Self-Teaching the Violin

Posted on 5:33 pm

Recently I received a request from a gentleman overwhelmed with the options of self-teaching tools available for the violin. While he wanted to take lessons, there was no one in his area who taught, and he was asking my advice on what to do.

First of all, kudos to him for asking! I did my best to give him an answer, and I would like to share that answer with you.

As a rule I am against self teaching materials. Whether it’s from books, method tapes, DVD’s, internet resources, or the like, it’s not the medium that is the problem. My main problem with self help teaching materials is that they fail to take into account the complexity of the violin, and the many bad habits that you can pick up very quickly and easily (most of them having to do with how to hold the bow and the violin correctly).

Learning how to play the violin properly really requires someone to show you and work with you hands on. I see this in my own students all the time. Those who have tried to learn on their own and come to me for lessons always have issues with their technique. Once I show them how to do things correctly, it still takes weeks months or even years for them to actually implement it as they need to correct their bad habits and foster new ones. I need to continually tweak what they’re doing until it becomes second nature to them when they pick up their instrument. This process of learning occurs with any student, but it’s a shame when students need to go through the hard work of re-learning things that they could have learned correctly the first time had they just had the right instruction.

Now, I want to be clear. There are many good self teaching materials out there that are produced by good teachers and provide good information. However, as violin is one of the most difficult instruments to learn it  just can’t be learned properly without the help of a good instructor who actually interacts with what you are doing personally. Even if you get the basics correct from the beginning (which is unlikely), as you progress you will undoubtedly slip into bad habits unknowingly. You, as a learner won’t catch these things. This is not any slight against a student’s intelligence, diligence, desire or effort. This will just happen, and there are several different causes:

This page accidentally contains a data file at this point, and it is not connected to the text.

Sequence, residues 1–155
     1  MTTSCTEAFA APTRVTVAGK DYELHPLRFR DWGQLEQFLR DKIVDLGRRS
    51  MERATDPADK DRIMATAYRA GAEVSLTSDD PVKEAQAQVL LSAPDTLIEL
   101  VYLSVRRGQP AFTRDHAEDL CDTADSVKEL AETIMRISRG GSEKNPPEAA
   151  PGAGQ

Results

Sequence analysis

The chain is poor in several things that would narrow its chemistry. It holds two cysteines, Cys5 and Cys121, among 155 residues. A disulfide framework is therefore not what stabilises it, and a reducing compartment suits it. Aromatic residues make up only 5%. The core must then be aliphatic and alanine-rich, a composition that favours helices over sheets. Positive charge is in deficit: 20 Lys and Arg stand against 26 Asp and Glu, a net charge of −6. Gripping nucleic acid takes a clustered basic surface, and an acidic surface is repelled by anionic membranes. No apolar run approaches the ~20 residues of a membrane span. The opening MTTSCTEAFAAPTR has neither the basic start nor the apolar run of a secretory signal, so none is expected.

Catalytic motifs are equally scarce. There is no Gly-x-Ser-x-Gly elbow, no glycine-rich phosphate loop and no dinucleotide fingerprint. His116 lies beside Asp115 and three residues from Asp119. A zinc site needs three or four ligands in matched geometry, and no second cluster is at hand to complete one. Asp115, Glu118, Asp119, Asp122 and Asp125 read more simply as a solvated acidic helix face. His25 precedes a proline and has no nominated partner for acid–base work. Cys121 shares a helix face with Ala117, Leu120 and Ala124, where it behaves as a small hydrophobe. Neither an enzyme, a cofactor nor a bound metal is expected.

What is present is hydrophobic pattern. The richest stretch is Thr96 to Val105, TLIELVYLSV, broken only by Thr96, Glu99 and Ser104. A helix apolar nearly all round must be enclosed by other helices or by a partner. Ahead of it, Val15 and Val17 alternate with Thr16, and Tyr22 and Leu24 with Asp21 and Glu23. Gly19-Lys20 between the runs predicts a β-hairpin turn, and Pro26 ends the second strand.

1. The instruction tape, book, DVD, etc. has not addressed this specific problem yet so you don’t know to look for it.
  2. The problem was addressed, and you got it correct originally but have forgotten to keep checking on it.
  3. You THINK you got it correct the first time, but actually didn’t.

There are other possibilities as well, but I just listed the most common.

To give you an idea of how critical it is to have hands on help, especially as a beginner, I won’t even teach students via programs that allow you to teach a private lesson over the internet. I had an adult student ask this of me once because she was having difficulty fitting in her lesson time during the week due to travel. I explained that if she were farther along in her technique I would consider it, but that at the point where she was I really needed to be able to help shape and mold her hands physically to show her what to do.  I could talk about how to do something for half an hour and a student still might not get it, but if I just go over and help them do it themselves, in 5 minutes the light bulb suddenly comes on and they “get” it because they can feel the difference. I really can’t stress enough the importance of having a physical teacher, one who you cannot only interact with, but one who is present in the room with you.